• Loeb wrote that the Roots mini series was part of a communist conspiracy.
  • In 1964, the paper described the civil rights movement as directed from the Kremlin.
The paper has mellowed quite a bit in the last few years, if only because there really aren’t any more communists to watch out for. Well, that combined with Loeb’s death in 1981 and the death of his equally conservative wife Nackey who became publisher after him. It now has a strident libertarian bent, as befits a New Hampshire paper, and can be relied on for solid local coverage.

Since Manchester is the biggest city in the state and supports four Division I schools, it should come as no surprise that the paper focuses much of its attention of that division and the Manchester schools in it.

The lead high school football story focuses on the competition between five Division I teams for the last three playoff spots going into the final two weeks of the season. Pinkerton – a long time powerhouse in New Hampshire football – has clinched a playoff spot with a 7-1 record. Salem (6-1), Concord (5-2), Nashua North (5-3), Manchester West (4-3) and Manchester Central (4-3) are all in the scrum for the final spot. Nashua North – a brand new school last year, built to separate Nashua’s single mammoth high school that is now Nashua South – is probably starting to feel a little desperate, as it opened the season with five straight wins but has now dropped three in a row.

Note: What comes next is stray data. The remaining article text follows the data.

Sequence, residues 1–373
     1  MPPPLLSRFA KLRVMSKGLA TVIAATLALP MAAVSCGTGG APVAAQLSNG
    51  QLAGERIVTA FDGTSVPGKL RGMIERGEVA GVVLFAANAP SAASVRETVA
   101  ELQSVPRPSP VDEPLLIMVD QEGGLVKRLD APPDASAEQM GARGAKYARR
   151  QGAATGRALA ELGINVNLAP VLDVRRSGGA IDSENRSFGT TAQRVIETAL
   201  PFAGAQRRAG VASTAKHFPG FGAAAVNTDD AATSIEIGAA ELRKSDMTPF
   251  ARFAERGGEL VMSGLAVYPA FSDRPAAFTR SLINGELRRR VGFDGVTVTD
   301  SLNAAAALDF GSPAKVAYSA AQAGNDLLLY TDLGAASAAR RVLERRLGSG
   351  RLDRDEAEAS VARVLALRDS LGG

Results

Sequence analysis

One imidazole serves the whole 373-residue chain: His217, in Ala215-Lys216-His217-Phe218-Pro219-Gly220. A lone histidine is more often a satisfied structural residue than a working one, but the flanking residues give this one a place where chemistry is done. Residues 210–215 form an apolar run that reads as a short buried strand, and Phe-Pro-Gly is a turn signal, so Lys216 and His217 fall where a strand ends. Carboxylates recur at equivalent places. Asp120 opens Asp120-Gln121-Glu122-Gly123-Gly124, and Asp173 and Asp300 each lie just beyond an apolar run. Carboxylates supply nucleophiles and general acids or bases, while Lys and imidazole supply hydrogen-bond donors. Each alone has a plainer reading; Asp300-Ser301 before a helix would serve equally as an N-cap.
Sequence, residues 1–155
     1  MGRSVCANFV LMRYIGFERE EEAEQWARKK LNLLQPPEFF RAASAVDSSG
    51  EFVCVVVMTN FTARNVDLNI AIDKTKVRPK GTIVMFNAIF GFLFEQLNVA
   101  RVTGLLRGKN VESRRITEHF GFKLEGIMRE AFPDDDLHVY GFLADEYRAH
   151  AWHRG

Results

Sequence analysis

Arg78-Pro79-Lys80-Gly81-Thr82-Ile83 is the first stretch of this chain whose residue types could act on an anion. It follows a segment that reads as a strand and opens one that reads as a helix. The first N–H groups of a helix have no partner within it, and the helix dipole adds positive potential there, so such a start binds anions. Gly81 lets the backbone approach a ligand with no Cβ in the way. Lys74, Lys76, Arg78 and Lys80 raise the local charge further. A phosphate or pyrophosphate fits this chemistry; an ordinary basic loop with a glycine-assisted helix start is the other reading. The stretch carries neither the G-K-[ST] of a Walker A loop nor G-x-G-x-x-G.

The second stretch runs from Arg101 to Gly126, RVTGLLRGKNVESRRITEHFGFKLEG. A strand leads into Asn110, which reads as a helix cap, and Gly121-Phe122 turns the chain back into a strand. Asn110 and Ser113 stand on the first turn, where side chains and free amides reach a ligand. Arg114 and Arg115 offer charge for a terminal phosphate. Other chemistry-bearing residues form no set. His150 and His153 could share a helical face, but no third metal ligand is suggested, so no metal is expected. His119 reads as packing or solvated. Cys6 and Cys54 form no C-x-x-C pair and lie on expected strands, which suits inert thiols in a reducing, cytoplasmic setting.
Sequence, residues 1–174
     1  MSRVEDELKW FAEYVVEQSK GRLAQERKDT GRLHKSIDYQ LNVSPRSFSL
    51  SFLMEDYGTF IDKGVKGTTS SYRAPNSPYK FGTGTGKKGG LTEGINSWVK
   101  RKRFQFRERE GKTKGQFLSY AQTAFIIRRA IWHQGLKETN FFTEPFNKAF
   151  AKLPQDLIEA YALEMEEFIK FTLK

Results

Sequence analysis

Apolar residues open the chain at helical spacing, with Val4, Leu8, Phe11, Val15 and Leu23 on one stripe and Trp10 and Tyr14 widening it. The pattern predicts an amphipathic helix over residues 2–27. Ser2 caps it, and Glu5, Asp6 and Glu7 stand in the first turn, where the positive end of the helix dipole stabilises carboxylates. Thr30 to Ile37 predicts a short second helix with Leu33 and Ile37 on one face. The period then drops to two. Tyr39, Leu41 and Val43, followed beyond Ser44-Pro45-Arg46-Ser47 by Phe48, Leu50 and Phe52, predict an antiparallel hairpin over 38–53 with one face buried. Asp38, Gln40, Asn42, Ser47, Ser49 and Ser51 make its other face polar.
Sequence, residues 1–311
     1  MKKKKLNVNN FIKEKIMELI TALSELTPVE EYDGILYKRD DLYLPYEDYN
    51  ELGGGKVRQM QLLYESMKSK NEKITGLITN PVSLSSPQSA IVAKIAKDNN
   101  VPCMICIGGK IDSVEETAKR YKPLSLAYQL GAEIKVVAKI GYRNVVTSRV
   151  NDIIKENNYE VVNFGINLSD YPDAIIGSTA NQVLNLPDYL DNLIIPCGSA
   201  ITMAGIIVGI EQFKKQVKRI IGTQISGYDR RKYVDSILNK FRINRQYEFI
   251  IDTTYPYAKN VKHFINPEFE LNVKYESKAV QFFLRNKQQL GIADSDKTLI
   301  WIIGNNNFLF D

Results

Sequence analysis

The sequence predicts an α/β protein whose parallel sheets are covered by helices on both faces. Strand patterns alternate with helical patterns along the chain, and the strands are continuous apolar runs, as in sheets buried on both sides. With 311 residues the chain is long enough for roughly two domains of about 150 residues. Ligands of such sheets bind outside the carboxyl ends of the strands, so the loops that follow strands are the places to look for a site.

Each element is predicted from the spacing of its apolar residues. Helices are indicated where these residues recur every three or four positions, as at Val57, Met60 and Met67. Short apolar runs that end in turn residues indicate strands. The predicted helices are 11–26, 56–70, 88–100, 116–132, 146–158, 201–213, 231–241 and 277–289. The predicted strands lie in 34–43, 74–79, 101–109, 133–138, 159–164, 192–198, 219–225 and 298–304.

The Union Leader goes on to talk about Division II, beginning with how dominant Bishop Guertin is, currently 7-0 and riding a 20 game win streak. It’ll have home field advantage throughout the playoffs. Exeter (7-1) – who BG beat this past Saturday 10-7, with a field goal as time expired – has tied up the number two spot. My 6-2 Merrimack Tomahawks (we’re wicked PC) clinched third place this weekend when Dover beat Timberlane; John Habib, the writer, even calls the Merrimack team “physical.” Winnacunnet (4-3) currently holds the last playoff spot, but has to beat Portsmouth (2-5) and Spaulding (3-4) to do it.